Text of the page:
Arab League: Notes for UPSC International Relations

The Arab League is a regional organisation of Arab states in the Middle East. Formal Name – Al-Jamia ad-Duwal al-Arabiya (Arabic) and it has its headquarters in Cairo, Egypt.

The League’s main goal is to “draw closer the relations between member states and co-ordinate collaboration between them, to safeguard their independence and sovereignty, and to consider in a general way the affairs and interests of the Arab countries”

The Arab League is a topic featured often in the International relations segments of the IAS Exams, as India has relations with the league. As such, candidates will find the details from this article to be of immense use.

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Origin and Development

The Arab League came into being after a Pact of the League was signed at Cairo on March 22, 1945 by the countries of Egypt, Iraq, Jorda,  Lebanon, Saudi Arabia, Syria and Yemen that had achieved independence by then. The Pact was an initiative of the then Prime Minister of Egypt, Nahas Pasha, and was supported by the British government. The League was later joined by 14 other nations and the PLO. Palestine is considered independent de jure.

Objectives of the Arab League

The objectives of the League, as stated in Article 2 of the Pact, are to draw closer the relations between member-states and coordinate their political activities; safeguard their independence and sovereignty; promote the interests of the Arab countries; mediate in disputes between members or between members and a third party; promote cooperation in the matters relating to trade, customs, currency, agriculture, industry, communications including railways, roads, aviation, navigation, and posts and telegraphs, cultural matters and matters connected with nationality, passport, visas, execution of judgments and extradition, social welfare matters and health matters.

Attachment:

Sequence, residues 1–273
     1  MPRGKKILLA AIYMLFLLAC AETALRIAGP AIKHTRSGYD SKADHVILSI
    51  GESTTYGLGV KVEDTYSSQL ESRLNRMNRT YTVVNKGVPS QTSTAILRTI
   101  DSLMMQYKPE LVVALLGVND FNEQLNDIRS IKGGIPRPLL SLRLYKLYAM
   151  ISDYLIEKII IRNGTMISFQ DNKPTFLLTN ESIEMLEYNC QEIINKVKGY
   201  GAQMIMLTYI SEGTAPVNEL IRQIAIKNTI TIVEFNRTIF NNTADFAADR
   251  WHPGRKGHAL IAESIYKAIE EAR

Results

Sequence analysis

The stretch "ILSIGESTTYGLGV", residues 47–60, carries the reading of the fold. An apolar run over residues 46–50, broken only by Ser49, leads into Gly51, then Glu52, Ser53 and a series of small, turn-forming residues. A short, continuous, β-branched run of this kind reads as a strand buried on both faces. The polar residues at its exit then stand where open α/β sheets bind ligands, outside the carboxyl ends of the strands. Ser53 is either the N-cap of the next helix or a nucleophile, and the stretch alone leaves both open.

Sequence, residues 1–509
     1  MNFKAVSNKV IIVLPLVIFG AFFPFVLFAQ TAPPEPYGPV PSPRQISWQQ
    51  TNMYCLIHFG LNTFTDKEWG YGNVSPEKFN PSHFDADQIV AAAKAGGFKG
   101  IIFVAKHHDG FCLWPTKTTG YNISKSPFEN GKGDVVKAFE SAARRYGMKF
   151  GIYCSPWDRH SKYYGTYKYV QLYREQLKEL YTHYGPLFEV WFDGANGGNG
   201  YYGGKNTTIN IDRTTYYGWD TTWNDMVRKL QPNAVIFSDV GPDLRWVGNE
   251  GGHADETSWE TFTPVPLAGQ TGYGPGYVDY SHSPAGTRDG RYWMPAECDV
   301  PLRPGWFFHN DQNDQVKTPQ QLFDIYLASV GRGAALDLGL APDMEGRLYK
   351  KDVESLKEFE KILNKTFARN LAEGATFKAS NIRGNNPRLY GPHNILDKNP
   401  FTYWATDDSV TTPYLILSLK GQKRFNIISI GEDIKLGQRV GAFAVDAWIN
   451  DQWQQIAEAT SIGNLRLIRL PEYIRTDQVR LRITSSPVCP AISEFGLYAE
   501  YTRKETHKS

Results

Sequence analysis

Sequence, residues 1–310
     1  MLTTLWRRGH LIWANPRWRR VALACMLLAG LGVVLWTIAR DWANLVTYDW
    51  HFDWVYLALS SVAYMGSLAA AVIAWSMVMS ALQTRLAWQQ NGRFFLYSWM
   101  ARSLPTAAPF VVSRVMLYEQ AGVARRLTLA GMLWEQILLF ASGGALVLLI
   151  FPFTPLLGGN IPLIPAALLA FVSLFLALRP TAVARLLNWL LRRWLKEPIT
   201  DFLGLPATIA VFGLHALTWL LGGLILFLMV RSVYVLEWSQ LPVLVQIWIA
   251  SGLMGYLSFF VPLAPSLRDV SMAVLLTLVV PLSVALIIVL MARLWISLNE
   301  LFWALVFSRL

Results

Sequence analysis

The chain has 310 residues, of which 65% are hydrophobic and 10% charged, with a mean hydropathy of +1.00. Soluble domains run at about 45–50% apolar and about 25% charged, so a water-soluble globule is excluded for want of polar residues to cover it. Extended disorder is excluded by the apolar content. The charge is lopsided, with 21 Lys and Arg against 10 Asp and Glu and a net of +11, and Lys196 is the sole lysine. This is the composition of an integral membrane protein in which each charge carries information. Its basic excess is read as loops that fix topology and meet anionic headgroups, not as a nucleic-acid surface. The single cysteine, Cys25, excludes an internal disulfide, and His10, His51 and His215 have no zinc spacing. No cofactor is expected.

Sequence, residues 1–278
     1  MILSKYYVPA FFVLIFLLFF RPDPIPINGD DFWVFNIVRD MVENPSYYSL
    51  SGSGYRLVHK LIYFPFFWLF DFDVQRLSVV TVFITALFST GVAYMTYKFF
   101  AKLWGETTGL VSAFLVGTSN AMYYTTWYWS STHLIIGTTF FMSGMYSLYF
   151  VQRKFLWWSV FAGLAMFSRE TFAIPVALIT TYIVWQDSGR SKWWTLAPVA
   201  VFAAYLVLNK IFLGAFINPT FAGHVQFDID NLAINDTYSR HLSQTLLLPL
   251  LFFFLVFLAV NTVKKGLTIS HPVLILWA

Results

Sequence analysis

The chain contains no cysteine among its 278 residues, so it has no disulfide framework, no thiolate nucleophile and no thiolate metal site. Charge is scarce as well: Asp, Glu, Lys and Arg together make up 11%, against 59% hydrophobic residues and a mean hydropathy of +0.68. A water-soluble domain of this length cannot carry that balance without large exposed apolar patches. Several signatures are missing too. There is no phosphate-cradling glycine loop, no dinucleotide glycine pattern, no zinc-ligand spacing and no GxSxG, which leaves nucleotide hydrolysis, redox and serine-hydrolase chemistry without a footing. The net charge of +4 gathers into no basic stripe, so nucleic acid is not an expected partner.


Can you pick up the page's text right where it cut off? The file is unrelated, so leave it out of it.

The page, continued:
To know more about the Arab’s League allied organisation, the Organisation of Islamic Cooperation, visit the linked article.

Structure of the Arab League

The League consists of the Council, the Special Ministerial Committees, the General-Secretariat and the Specialised Agencies. The Council is the principal political organ, consisting of foreign ministers of all the member-countries. It meets twice a year to supervise the execution of agreements between the member-states, set guidelines for cooperation with other international organisations in the political, economic and social spheres, and mediate in disputes between members or a member and a country outside the League. Each member has one vote on the Council, and decisions are binding only on those states that have voted for them.

The Special Committees are attracted to the Council. They draw up common policies for the regulation and advancement of cooperation in their respective fields (information, internal affairs, justice, housing, transport, social affairs, youth and sports, health environment telecommunications and electricity). The General-Secretariat is headed by a Secretary-General elected by the Council for a five-year term. It executes the decisions of the Council and is largely responsible for internal administration.

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India and the Arab League

Being conferred observer status in 2007, India was the first member to enter the League although it does not have an Arab community, neither does it have an indigenous Arabic speaking population.

Trade between India and Arab League members was valued at US$30 billion in 2007. India’s major exports to Arab League countries are chemicals, automobiles, machinery, foodstuff and other fast-moving products, while it is a large importer of Arab oil and gas. India also has a large diaspora in the Arab League countries of about 5 million, of which some 20% are professionals.

Oman and India enjoy particularly good relations, an example being; both countries exchange ship visits on a regular basis. Recently, Oman has granted India berthing rights for Indian naval ships. The Indian navy has also been training Omani naval forces for many years.

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